Talks

I regularly give talks on ML topics at academic conferences, AI meetups and other events. Below, you can find links to videos and slides of selected talks.

I regularly give talks on ML topics at academic conferences, AI meetups and other events. Below, you can find links to videos and slides of selected talks.


This page overviews my public talks including:



Meetups

  • Detecting AI-Generated Texts
    Generative AI on AWS, 2023 (San Fancisco)
  • Abstract: Large language models excel in generating realistic text, which emphasizes the need for systems that detect whether a text is generated or written by a human. Detecting generated text is crucial in many applications such as identifying fake news, filtering product reviews, and assessing student assignments. In this talk, I will discuss typical differences between generated and human text, and overview the prominent state-of-the-art text detection approaches, including watermarking, supervised and zero-shot methods. We will also touch on limitations of the existing detectors and discuss emerging approaches to evade them.

  • Lessons for Industry from Kaggle Competitions
    Street Smart AI, 2023 (Berlin)
  • Abstract: Kaggle is an online platform that hosts large-scale ML competitions. In this talk, I discuss lessons and best practices used by data scientists who compete on Kaggle and other platforms. I will cover lessons and insights that are useful in the industry and can be leveraged in various ML projects.

  • Fighting Sampling Bias in ML Models in Credit Scoring
    Solving Real World Problems via ML, 2021 (Berlin)
  • Abstract: Machine learning is widely used to support decision-making in financial institutions. Credit scorecards are a prominent example. Such models are trained over the labeled data of previously accepted applicants, whose repayment behavior has been observed and ignore the rejected applicants. This creates sampling bias: the training data represent a limited region of the distribution on which the model is deployed for screening new customers. In this talk, I will illustrate the adverse impact of sampling bias on training and evaluation of scoring models. I will also overview possible methods to address this problem.



Conferences

  • Probabilistic demand forecasting with graph neural networks
    Workshop at European Conference on Machine Learning and PKDD, 2023 (Turin)
  • Abstract: Demand forecasting is a prominent business use case that allows retailers to optimize inventory planning, logistics, and core business decisions. One of the key challenges in demand forecasting is accounting for relationships and interactions between articles. Most modern forecasting approaches provide independent article-level predictions that do not consider the impact of related articles. Recent research has attempted addressing this challenge using Graph Neural Networks (GNNs) and showed promising results. This paper builds on previous research on GNNs and makes two contributions. First, we integrate a GNN encoder into a state-of-the-art DeepAR model. The combined model produces probabilistic forecasts, which are crucial for decision-making under uncertainty. Second, we propose to build graphs using article attribute similarity, which avoids reliance on a pre-defined graph structure. Experiments on three real-world datasets show that the proposed approach consistently outperforms non-graph benchmarks. We also show that our approach produces article embeddings that encode article similarity and demand dynamics and are useful for other downstream business tasks beyond forecasting.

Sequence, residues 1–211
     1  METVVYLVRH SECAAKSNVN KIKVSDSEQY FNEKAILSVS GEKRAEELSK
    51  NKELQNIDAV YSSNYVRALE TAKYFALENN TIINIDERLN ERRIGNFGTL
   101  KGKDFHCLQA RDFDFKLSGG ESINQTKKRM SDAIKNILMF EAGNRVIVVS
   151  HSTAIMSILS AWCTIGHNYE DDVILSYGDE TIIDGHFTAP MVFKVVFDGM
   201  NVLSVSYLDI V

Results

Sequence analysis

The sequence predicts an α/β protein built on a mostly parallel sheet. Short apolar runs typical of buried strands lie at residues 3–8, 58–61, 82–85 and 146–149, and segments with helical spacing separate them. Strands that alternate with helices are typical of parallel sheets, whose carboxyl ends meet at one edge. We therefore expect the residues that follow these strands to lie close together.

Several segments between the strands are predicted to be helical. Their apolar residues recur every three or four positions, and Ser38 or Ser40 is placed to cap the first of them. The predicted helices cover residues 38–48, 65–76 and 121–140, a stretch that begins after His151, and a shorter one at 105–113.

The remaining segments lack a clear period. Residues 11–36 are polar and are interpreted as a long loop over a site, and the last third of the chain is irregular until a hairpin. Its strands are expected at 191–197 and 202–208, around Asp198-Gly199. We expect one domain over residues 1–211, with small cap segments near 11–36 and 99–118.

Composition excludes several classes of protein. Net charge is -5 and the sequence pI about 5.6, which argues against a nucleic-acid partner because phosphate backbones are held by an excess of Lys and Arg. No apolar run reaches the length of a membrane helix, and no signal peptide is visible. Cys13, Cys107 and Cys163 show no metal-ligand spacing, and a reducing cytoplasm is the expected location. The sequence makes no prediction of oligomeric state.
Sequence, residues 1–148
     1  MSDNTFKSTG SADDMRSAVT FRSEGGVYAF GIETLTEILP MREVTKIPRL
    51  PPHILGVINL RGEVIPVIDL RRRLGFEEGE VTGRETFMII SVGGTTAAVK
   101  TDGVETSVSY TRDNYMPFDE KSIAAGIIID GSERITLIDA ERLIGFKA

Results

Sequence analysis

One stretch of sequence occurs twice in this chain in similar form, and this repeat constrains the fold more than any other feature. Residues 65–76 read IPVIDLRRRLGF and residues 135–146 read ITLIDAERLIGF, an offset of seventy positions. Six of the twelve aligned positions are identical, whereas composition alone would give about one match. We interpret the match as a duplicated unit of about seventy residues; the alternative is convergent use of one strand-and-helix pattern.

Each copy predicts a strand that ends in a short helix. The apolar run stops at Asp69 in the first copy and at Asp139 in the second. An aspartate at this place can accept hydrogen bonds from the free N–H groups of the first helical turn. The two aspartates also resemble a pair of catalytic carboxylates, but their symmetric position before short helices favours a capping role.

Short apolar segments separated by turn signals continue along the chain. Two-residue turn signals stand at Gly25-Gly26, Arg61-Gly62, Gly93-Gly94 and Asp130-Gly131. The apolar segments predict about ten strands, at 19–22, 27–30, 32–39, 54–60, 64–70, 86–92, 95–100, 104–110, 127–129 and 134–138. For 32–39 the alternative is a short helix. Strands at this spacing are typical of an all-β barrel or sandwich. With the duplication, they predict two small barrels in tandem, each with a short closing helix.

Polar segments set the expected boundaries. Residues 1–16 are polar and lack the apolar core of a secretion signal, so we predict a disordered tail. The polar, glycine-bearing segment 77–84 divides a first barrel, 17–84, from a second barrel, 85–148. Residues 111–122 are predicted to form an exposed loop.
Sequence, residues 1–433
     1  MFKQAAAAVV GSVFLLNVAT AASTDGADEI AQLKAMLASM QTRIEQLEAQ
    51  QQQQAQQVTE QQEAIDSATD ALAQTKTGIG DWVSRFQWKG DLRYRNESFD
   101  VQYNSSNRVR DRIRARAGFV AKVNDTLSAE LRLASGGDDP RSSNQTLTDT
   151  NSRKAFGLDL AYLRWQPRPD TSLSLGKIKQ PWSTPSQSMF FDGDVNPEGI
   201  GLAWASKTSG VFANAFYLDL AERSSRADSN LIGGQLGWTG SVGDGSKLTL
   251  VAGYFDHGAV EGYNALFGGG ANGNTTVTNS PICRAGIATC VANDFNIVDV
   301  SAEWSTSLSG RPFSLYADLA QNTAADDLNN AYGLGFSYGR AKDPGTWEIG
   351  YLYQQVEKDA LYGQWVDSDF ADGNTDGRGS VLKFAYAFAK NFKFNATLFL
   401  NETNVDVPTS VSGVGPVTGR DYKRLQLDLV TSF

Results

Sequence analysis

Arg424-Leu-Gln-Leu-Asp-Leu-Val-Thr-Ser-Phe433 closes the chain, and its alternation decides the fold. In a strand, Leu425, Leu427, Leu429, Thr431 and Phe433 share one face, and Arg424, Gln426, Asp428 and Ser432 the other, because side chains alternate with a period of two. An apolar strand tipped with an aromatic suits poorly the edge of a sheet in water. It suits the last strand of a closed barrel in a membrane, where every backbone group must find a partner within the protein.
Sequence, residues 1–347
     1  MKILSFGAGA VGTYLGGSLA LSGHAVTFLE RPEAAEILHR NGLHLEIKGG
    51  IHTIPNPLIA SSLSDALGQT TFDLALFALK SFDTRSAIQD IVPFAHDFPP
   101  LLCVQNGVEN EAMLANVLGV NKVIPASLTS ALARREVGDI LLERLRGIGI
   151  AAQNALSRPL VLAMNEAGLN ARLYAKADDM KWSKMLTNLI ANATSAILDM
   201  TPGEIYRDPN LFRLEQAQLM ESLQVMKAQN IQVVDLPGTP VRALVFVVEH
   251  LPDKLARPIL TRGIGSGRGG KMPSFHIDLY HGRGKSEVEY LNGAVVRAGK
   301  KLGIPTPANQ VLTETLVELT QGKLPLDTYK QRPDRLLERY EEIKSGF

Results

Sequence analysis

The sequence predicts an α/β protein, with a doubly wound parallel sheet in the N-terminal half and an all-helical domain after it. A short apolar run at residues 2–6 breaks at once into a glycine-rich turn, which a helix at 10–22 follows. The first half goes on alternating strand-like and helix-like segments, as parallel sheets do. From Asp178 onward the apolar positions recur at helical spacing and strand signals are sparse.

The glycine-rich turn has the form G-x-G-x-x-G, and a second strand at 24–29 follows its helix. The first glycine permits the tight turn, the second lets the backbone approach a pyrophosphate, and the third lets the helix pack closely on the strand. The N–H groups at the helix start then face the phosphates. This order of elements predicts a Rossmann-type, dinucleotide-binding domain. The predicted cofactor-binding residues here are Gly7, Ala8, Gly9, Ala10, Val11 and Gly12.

• Active Learning for Reject Inference in Credit Scoring
    Credit Scoring and Credit Control Conference, 2021 (Edinburgh)
  • Abstract: Credit scoring models are trained on data of previously accepted credit applications, where the borrowers' repayment behavior has been observed. This creates sampling bias: the training data is not representative of the general population of borrowers. The sampling bias deteriorates the model's performance when the model is used to screen new applications. We use active learning (AL) to develop a dynamic bias correction framework. When screening incoming credit applications, AL algorithm identifies unlabeled cases (i.e., applications rejected by a scorecard) that should be labeled (i.e., granted a loan) based on the expected impact on the scoring model. Issuing a loan to risky customers incurs additional cost for the lender. At the same time, augmenting the training data with applications from the unexplored distribution regions reduces sampling bias and improves the scorecard’s performance on future credit applications. We perform an empirical study on synthetic and real-world credit scoring data to test the suggested AL-driven reject inference framework and investigate the trade-off between the labeling costs and performance gains. Preliminary results indicate that Al can improve scorecard performance and profitability.